A Lion Returns is so dialogue-heavy — and so driven by two- and three-way conversations about bonds of family, faith, the lengths one will go to for both and the repercussions that follow — that it could've easily graced the stage instead of the big screen. But there's an intimacy to this independent, low-budget, shot-in-ten-days Australian drama about ripped-from-the-headline matters that's cinematic. Set in an ordinary vehicle and a just-as-standard suburban home, and unfurling in real time, its visuals mightn't provide an overt spectacle; however, the connection that Caradee evokes with his complicated characters, and with the complex ideas and themes they discuss and sift through, benefits from the film's ability to get literally close to the animated chatter happening within its frames. This is a feature that makes every move possible to place its audience in the heat of the moment with its arguing family members, to share their tension and to confront the same thorny issues with them, and does so with precision. There are few surprises, narrative-wise, as not only Jamal's abandoned loved ones but the defector himself grapple with his choices and the shadows they've left overseas and at home, but A Lion Returns excavates a difficult situation with assurance and poise, as well as with passionate performances.



It's unlikely that filmmakers will ever get sick of making movies about Ip Man, much in the same way that they never seem to tire of bringing the likes of Sherlock Holmes and Dracula to the screen. Ip Man was a real person, though. A martial arts grandmaster in the kung fu style known as Wing Chun, his life spanned fascinating chapters in both mainland China and Hong Kong, including a stint with the police force and training Bruce Lee — and it has also spawned many a film over the past couple of decades as a result. Ip Man features in movies about Lee, naturally. He has been the driving force behind the Donnie Yen-starring Ip Man, Ip Man 2, Ip Man 3 and Ip Man 4: The Finale, too, and Wong Kar-wai's The Grandmaster as well. And, first in The Legend Is Born – Ip Man, then in Kung Fu League and now in Ip Man: Kung Fu Master, he has been played by wushu champion-turned-actor Dennis To (who actually had a minor role in Ip Man and Ip Man 2).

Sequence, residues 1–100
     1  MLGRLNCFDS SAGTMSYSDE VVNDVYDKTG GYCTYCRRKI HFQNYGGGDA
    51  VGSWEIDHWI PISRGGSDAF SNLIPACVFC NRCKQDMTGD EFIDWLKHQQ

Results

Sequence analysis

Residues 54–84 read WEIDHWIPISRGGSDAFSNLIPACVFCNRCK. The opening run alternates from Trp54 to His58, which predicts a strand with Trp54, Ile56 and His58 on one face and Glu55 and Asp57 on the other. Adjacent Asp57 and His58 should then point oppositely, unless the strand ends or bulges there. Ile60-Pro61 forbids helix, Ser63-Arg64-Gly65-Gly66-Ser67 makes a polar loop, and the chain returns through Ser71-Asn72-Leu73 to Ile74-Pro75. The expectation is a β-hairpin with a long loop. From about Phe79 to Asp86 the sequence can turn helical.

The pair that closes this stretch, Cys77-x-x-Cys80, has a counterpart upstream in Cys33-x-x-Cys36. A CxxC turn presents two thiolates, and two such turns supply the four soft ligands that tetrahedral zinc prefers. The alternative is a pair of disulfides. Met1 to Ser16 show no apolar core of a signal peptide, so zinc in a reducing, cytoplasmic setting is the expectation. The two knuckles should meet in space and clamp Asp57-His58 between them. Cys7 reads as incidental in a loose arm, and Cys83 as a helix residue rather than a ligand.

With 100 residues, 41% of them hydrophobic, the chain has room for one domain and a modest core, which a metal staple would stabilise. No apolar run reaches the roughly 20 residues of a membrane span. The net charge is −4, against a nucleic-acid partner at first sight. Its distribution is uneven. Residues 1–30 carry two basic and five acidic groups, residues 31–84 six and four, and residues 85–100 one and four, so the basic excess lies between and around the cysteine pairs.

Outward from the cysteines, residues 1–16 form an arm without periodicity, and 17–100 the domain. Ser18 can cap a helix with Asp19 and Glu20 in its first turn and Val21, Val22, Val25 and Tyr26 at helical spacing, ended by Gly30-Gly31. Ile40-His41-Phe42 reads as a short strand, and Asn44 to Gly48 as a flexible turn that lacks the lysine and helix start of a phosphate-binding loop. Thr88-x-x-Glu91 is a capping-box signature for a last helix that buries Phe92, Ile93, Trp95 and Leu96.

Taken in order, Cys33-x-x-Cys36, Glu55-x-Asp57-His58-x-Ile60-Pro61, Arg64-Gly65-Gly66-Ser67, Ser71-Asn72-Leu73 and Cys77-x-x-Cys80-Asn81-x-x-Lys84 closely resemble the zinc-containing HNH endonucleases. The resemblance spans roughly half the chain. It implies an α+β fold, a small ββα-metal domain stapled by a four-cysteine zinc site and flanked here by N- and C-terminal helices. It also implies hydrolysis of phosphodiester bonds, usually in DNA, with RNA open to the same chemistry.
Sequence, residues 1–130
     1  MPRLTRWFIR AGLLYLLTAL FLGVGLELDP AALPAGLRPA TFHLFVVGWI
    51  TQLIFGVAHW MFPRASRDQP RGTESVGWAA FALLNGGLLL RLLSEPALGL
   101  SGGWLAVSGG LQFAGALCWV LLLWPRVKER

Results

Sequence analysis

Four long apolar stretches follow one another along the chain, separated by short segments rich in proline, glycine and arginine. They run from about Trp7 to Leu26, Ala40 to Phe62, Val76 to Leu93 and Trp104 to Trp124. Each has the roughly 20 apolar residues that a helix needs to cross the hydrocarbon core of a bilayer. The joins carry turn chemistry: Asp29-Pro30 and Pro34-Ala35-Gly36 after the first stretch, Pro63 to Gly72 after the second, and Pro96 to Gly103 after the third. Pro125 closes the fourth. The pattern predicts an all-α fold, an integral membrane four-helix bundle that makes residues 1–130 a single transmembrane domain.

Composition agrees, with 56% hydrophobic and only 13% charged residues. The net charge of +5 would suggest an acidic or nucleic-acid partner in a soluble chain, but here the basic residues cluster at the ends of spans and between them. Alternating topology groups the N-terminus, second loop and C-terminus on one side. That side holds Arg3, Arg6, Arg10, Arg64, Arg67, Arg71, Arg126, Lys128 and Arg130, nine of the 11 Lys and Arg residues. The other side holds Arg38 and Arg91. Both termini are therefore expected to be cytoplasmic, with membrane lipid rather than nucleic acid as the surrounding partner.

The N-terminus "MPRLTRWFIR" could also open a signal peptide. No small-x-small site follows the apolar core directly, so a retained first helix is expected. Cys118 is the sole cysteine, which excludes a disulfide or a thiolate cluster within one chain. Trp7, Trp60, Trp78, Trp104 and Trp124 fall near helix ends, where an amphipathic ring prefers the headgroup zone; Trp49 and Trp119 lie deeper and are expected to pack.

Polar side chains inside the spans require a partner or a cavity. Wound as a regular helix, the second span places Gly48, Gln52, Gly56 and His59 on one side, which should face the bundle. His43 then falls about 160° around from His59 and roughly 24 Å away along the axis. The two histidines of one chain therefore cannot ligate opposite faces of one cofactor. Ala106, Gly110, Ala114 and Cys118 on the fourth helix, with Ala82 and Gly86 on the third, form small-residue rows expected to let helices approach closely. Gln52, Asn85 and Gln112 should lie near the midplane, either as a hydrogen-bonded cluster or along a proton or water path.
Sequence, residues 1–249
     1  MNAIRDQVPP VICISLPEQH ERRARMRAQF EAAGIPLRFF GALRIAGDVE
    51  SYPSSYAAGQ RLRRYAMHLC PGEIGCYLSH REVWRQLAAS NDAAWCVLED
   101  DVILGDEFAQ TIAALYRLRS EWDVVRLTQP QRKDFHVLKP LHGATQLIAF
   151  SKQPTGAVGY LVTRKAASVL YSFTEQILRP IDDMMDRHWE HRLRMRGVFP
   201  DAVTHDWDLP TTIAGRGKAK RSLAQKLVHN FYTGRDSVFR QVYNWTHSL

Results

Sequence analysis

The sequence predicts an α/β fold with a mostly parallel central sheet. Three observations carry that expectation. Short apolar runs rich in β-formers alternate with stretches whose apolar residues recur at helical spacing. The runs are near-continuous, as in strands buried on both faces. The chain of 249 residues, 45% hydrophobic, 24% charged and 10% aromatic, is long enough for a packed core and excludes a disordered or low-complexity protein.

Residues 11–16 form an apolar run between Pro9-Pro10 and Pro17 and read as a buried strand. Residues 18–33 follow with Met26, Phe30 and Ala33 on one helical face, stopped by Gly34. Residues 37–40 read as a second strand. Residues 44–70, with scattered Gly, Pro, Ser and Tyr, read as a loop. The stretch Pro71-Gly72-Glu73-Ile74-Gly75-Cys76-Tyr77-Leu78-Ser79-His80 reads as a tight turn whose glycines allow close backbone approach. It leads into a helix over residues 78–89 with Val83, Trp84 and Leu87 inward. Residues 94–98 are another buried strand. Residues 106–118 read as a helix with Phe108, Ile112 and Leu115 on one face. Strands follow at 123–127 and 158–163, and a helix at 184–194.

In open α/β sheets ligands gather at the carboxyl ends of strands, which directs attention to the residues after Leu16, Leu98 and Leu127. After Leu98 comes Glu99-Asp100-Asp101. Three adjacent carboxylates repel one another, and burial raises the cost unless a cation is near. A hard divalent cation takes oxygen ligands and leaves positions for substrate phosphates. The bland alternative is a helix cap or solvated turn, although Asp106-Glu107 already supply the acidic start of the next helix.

In Ip Man: Kung Fu Master, To steps into the famed figure's shoes during his law enforcement stint in Foshan. First, he's the subject of a revenge scheme by the daughter of a mobster who is killed in police custody despite Ip Man's best efforts to ensure otherwise. Then, he's targeted by the Japanese army as they make their presence known in the period between the first and second Sino-Japanese wars. Both elements of the story intertwine — as does the birth of Ip Man's first son, and his need to protect his family as multiple parties endeavour to hunt him down — but writer/director Li Liming is far more interested in the movie's frenetically choreographed martial arts scenes than its narrative. Indeed, anything that doesn't involve fighting often feels like filler. There's no doubting the impact of Ip Man: Kung Fu Master's balletic displays of flying fists, though, or how stylishly they're shot. They can't substantially lift a film that'll never be the go-to Ip Man movie, or even one of the best flicks about him either, but they're the standout elements of an otherwise average movie.


If you're wondering what else is currently screening in cinemas — or has been lately — check out our rundown of new films released in Australia on July 2, July 9, July 16, July 23 and July 30; August 6, August 13, August 20 and August 27; September 3, September 10, September 17 and September 24; and October 1, October 8, October 15, October 22 and October 29.

You can also read our full reviews of a heap of recent movies, such as The Personal History of David Copperfield, Waves, The King of Staten Island, Babyteeth, DeerskinPeninsula, Tenet, Les Misérables, The New Mutants, Bill & Ted Face the Music, The Translators, An American Pickle. The High Note, On the Rocks, The Trial of the Chicago 7, Antebellum, Miss Juneteenth, Savage, I Am Greta, Rebecca, Kajillionaire, Baby Done, Corpus Christi, Never Rarely Sometimes Always and The Craft: Legacy.

Top image: A Lion Returns via Bonafide Pictures.

Published on November 05, 2020 by Sarah Ward